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dc.contributor.authorVeit, Lauren
dc.contributor.authorMaranda, Louise S.
dc.contributor.authorFong, Jay G.
dc.contributor.authorNwosu, Benjamin U.
dc.date2022-08-11T08:10:09.000
dc.date.accessioned2022-08-23T16:57:15Z
dc.date.available2022-08-23T16:57:15Z
dc.date.issued2014-05-22
dc.date.submitted2014-05-22
dc.identifier.doi10.13028/M2159K
dc.identifier.urihttp://hdl.handle.net/20.500.14038/43102
dc.description<p>Data collection dates: 2009-2013. </p>
dc.description<p>Methodology is documented in published manuscript.</p>
dc.description.abstractManuscript abstract: Context: There is no consensus on the vitamin D status of children and adolescents with inflammatory bowel disease (IBD). Aim: To determine the vitamin D status of patients with IBD by comparing their serum 25(OH)D concentration to that of healthy controls. Hypothesis: Serum 25(OH)D concentration will be lower in patients with IBD compared to controls. Subjects and Methods: A case-controlled retrospective study of subjects with IBD (n=58) of 2-20 years (male n=31, age 16.38 ± 2.21 years; female n=27, age16.56 ± 2.08 years) and healthy controls (n=116; male n=49, age 13.90 ± 4.59 years; female n=67, age 15.04 ± 4.12years). Study subject inclusion criteria: diagnosis of Crohn’s disease (CD) or ulcerative colitis (UC). Vitamin D deficiency was defined as 25(OH)D of (/mL) ( /L), overweight as BMI of ≥85th but <95th percentile, and obesity as BMI ≥95th percentile. Data were expressed as mean ± SD. Results: Patients with CD, UC, and their controls had mean serum 25(OH)D concentrations of 61.69 ± 24.43 nmol/L, 53.26 ± 25.51, and 65.32 ± 27.97 respectively (ANOVA, p=0.196). The overweight/obese controls had significantly lower 25(OH)D concentration compared to the normal-weight controls (p=0.031); whereas 25(OH)D concentration was similar between the normal-weight and overweight/obese IBD patients (p=0.883). There was no difference in 25(OH)D between patients with UC and CD, or between subjects with active IBD and controls. However, IBD subjects with elevated ESR had significantly lower 25(OH)D than IBD subjects with normal ESR (p=0.025), as well as controls (65.3 ± 28.0 nmol/L vs. 49.5 ± 25.23, p = 0.045). Conclusion: There is no difference in mean serum 25(OH)D concentration between children and adolescents with IBD and controls. However, IBD subjects with elevated ESR have significantly lower 25(OH)D than controls. Therefore, IBD subjects with elevated ESR should be monitored for vitamin D deficiency.
dc.description.sponsorshipUniversity of Massachusetts Medical School
dc.format.medium.csv (25 KB)
dc.language.isoen_US
dc.publishereScholarship@UMMS
dc.relation<p>This dataset (.csv file, 25 KB) is the primary data source for the following published study: Veit LE, Maranda L, Fong J, Nwosu BU. <a href="http://escholarship.umassmed.edu/peds_endocrinology/47/" target="_blank" title="The Vitamin D Status in Inflammatory Bowel Disease">The vitamin d status in inflammatory bowel disease</a>. PLoS One. 2014 Jul 3;9(7):e101583. doi:10.1371/journal.pone.0101583.</p>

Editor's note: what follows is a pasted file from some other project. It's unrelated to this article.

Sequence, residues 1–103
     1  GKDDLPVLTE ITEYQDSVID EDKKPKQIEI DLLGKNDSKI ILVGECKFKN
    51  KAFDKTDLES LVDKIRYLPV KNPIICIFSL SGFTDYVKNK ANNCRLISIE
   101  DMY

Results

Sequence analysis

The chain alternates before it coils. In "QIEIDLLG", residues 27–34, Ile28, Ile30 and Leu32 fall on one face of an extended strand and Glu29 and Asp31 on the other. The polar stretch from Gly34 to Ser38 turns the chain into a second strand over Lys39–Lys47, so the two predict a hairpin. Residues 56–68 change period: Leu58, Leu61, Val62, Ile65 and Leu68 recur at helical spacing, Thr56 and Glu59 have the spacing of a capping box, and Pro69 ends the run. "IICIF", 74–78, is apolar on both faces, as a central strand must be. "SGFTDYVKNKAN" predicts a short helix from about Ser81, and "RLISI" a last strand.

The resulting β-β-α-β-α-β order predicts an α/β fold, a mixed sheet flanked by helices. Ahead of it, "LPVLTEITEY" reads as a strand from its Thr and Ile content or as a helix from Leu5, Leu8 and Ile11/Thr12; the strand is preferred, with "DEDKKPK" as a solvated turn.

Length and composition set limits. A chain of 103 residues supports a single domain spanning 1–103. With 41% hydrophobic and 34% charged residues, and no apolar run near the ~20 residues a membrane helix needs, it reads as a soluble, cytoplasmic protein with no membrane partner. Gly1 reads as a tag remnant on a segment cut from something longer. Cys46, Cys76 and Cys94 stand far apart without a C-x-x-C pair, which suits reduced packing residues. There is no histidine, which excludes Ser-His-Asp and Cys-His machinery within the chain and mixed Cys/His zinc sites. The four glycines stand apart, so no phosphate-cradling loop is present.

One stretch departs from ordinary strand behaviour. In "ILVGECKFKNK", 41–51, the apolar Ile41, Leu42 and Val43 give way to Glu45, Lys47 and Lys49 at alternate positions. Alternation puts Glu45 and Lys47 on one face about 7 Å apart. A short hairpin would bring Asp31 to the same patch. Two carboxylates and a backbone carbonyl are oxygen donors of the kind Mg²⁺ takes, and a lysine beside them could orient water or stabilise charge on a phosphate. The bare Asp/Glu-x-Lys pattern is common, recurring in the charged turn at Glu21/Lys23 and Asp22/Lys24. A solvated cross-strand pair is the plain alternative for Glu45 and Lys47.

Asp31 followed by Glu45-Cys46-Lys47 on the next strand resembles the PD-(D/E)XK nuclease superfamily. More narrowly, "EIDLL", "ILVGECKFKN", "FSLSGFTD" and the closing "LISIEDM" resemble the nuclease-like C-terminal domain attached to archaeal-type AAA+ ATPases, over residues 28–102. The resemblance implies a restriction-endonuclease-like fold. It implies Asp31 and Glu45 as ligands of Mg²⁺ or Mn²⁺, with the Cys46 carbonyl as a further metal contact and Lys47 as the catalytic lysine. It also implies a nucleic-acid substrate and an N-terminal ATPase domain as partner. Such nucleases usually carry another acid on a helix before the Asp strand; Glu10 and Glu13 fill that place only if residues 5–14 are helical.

dc.rights.urihttp://creativecommons.org/licenses/by/4.0/
dc.subjectCrohn’s disease
dc.subjectulcerative colitis
dc.subjectvitamin D
dc.subjecttransaminases
dc.subjectintestinal inflammation
dc.subjectDigestive System Diseases
dc.subjectEndocrinology, Diabetes, and Metabolism
dc.subjectPediatrics
dc.titleData from: The Vitamin D Status in Inflammatory Bowel Disease
dc.typeDataset
dc.identifier.legacycoverpagehttps://escholarship.umassmed.edu/pediatrics_data/1
dc.legacy.embargo2014-10-31T00:00:00-07:00
dc.identifier.contextkey5612510
refterms.dateFOA2022-08-23T16:57:15Z
html.description.abstract<p>Manuscript abstract:</p> <p>Context: There is no consensus on the vitamin D status of children and adolescents with inflammatory bowel disease (IBD).</p> <p>Aim: To determine the vitamin D status of patients with IBD by comparing their serum 25(OH)D concentration to that of healthy controls.</p> <p>Hypothesis: Serum 25(OH)D concentration will be lower in patients with IBD compared to controls.</p> <p>Subjects and Methods: A case-controlled retrospective study of subjects with IBD (n=58) of 2-20 years (male n=31, age 16.38 ± 2.21 years; female n=27, age16.56 ± 2.08 years) and healthy controls (n=116; male n=49, age 13.90 ± 4.59 years; female n=67, age 15.04 ± 4.12years). Study subject inclusion criteria: diagnosis of Crohn’s disease (CD) or ulcerative colitis (UC). Vitamin D deficiency was defined as 25(OH)D of (/mL) ( /L), overweight as BMI of ≥85<sup>th</sup> but <95<sup>th</sup> percentile, and obesity as BMI ≥95<sup>th</sup> percentile. Data were expressed as mean ± SD.</p> <p>Results: Patients with CD, UC, and their controls had mean serum 25(OH)D concentrations of 61.69 ± 24.43 nmol/L, 53.26 ± 25.51, and 65.32 ± 27.97 respectively (ANOVA, <em>p</em>=0.196).</p> <p>The overweight/obese controls had significantly lower 25(OH)D concentration compared to the normal-weight controls (p=0.031); whereas 25(OH)D concentration was similar between the normal-weight and overweight/obese IBD patients (p=0.883). There was no difference in 25(OH)D between patients with UC and CD, or between subjects with active IBD and controls.</p> <p>However, IBD subjects with elevated ESR had significantly lower 25(OH)D than IBD subjects with normal ESR (p=0.025), as well as controls (65.3 ± 28.0 nmol/L vs. 49.5 ± 25.23, p = 0.045).</p> <p>Conclusion: There is no difference in mean serum 25(OH)D concentration between children and adolescents with IBD and controls. However, IBD subjects with elevated ESR have significantly lower 25(OH)D than controls. Therefore, IBD subjects with elevated ESR should be monitored for vitamin D deficiency.</p>
dc.identifier.submissionpathpediatrics_data/1
dc.contributor.departmentDepartment of Quantitative Health Sciences
dc.contributor.departmentDepartment of Pediatrics


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